From repairing computer games to working on satellite
NTU's Electrical And Electronic Engineering graduate gets a kick out of troubleshooting faulty equipment
In 1998, seven-year-old A Saravanan was interested in faulty computer games that could not be played on an old computer his father had bought.
He found out how they worked and started troubleshooting them when he was eight.
Mr Saravanan, now 25, spent many years tinkering with gadgets and, last Friday, graduated from Nanyang Technological University's (NTU) Electrical And Electronic Engineering department as one of his cohort's valedictorians.
During his course of study, he also helped repair a faulty satellite sensor after being one of two Singaporean students selected to work with the US Air Force Academy.
LAUNCHED: The satellite was placed in a high-altitude balloon and launched over 100,000 feet into the air. PHOTO: SARAVANAN/ YOUTUBE
Mr Saravanan scored good grades last year, earning him the chance to represent NTU at the US Air Force Academy in Colorado Springs. This was part of a collaboration between the two schools.
He researched and worked on a code to repair a faulty sensor in a satellite that had been launched by the US Air Force Academy.
But the launch was delayed by two weeks because of bad weather and Mr Saravanan wondered if he would be in Colorado Springs long enough to witness the eventual launch.
Now a software engineering analyst with Accenture, he said: "It was uncertain whether we could launch it. At the very last minute, we had a 30-minute window to do it.
"It was a great thing. I'm so proud of myself."
HIGH-FLYER: A Facebook photo showing Mr A Saravanan at the launch of a satellite sensor at the US Air Force Academy. PHOTO: PHOTO: SARAVANAN/ YOUTUBE
The satellite was placed in a high-altitude balloon and launched over 100,000 feet into the air.
Mr Saravanan, whose passion is in computer engineering, had an early start in the world of programming.
In 1998, his father bought an old computer with a nine-in-one set of games. Some of the games were faulty and could not work.
Mr Saravanan said: "My older brother would play all the games that worked while I would try to fix the games that didn't work.
"I guess what was boring for other people was fun to me."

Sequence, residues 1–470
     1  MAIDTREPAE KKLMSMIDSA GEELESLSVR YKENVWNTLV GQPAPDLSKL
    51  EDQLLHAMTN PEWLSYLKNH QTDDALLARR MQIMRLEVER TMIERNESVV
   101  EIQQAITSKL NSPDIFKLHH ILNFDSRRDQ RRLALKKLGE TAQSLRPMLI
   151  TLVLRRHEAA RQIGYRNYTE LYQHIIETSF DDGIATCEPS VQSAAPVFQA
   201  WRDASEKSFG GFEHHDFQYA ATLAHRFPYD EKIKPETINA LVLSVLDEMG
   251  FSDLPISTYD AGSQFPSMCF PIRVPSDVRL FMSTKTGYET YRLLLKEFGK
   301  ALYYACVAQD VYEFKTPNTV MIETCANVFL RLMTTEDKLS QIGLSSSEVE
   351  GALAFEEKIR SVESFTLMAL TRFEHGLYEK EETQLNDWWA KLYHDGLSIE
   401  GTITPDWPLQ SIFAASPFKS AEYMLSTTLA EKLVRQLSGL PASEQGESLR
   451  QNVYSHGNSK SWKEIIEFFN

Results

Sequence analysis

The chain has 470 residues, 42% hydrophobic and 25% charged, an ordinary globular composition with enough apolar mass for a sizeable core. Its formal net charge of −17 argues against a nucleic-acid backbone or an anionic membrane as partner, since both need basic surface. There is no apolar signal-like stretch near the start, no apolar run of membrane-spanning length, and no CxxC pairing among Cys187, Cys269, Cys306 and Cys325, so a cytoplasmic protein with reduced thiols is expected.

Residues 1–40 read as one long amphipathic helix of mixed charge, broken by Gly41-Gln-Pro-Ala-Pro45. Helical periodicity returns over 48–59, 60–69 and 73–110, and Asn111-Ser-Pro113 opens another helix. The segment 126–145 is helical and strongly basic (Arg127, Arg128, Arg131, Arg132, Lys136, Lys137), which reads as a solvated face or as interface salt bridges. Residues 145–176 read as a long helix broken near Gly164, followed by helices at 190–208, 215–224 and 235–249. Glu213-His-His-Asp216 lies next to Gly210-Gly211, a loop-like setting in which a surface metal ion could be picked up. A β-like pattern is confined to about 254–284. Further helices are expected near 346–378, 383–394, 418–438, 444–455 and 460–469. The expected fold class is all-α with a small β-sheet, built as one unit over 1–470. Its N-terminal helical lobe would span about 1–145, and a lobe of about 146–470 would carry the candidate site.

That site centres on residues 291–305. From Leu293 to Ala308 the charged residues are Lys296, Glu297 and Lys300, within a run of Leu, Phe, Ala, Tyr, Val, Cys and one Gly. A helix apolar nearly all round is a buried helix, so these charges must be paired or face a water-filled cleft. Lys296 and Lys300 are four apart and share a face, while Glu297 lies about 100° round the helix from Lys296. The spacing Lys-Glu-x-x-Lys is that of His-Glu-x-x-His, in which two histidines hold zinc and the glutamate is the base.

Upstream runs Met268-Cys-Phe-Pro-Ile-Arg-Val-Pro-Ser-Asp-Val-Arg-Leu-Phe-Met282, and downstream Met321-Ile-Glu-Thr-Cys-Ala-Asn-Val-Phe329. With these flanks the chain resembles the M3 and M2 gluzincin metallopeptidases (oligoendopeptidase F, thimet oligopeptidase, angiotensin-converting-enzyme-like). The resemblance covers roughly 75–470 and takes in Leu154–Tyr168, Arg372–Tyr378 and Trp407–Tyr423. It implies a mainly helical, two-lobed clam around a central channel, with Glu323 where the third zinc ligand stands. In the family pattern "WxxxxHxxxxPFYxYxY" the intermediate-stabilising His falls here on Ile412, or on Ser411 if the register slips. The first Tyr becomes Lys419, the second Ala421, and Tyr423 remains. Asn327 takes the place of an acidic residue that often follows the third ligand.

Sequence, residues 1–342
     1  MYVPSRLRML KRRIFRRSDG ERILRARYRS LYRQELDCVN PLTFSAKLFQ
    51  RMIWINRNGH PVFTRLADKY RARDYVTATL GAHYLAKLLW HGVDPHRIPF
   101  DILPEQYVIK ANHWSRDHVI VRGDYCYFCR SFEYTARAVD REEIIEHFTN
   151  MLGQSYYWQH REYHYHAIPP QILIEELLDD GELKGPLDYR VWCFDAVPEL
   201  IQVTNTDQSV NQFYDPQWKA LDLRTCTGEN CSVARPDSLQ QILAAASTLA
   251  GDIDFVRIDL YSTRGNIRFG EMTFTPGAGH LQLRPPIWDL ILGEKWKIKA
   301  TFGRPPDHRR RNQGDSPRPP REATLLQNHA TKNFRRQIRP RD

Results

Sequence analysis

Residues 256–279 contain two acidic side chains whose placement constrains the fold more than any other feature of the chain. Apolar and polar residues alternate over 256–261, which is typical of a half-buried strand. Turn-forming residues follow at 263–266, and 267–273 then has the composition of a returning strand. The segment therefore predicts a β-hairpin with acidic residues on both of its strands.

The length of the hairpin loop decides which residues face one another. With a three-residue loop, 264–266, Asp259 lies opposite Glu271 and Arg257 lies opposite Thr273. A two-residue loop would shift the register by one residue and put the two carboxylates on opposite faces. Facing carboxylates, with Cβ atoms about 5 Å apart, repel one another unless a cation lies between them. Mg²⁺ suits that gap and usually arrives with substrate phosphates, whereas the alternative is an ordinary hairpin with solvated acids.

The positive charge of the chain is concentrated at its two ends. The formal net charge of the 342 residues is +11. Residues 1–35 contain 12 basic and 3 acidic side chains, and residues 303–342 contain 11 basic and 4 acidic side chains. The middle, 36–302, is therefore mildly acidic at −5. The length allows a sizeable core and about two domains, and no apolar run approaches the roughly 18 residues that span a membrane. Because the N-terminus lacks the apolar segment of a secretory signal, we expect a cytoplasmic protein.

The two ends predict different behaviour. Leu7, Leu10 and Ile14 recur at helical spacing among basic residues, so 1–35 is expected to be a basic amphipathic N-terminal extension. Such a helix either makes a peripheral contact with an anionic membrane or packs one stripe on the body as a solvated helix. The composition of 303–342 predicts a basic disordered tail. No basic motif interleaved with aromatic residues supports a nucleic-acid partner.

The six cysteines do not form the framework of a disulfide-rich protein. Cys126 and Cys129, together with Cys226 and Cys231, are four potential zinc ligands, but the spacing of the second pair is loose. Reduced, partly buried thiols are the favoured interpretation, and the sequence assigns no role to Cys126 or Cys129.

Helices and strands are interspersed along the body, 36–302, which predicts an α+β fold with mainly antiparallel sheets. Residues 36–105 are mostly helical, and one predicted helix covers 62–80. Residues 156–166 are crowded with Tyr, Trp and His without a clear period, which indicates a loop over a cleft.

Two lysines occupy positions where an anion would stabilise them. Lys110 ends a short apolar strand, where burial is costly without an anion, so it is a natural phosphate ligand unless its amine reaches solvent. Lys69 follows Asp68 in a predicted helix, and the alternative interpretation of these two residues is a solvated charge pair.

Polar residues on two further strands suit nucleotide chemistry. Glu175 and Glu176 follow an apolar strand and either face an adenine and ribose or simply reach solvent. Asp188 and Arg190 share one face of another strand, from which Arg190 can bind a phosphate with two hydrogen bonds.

In 2011, Mr Saravanan graduated from Singapore Polytechnic with a diploma in computer engineering, achieving a perfect 4.0 GPA.
He chose NTU's Electrical and Electronic Engineering course because of its broad-based design.
He worked with NTU's Satellite Research Centre for his final-year project. The project, which is still being tested, determines whether a smartphone-based satellite can function in space.
NTU Professor Low Kay Soon, supervisor for Mr Saravanan's US Air Force Academy stint and project, said he was a good team player.
Prof Low said: "He is one of my top students.
"He is independent, self-disciplined and resourceful. He is also passionate about this."
But Mr Saravanan did more than just study.
He participated in an overseas community involvement project to Myanmar in 2014, where he installed lights and fans in classrooms.
Six months later, he organised a trip to Nepal with 16 other students to teach local children and to paint their classrooms.
The group even took a telescope to Nepal to teach the children astronomy.
Mr Saravanan said: "What's more important than the books is the complete experience.
"The trip taught us a lot about how fortunate we are here.
"I planned the Nepal trip to inspire NTU students to adopt families there and mentor the children rather than to just provide financial support."
On what he learnt while at NTU, Mr Saravanan said: "Do not follow other people's definition of success.
"Find what makes you proud and happy, and do that."
Do not follow other people's definition of success. Find what makes you proud and happy, and do that.
- Mr A Saravanan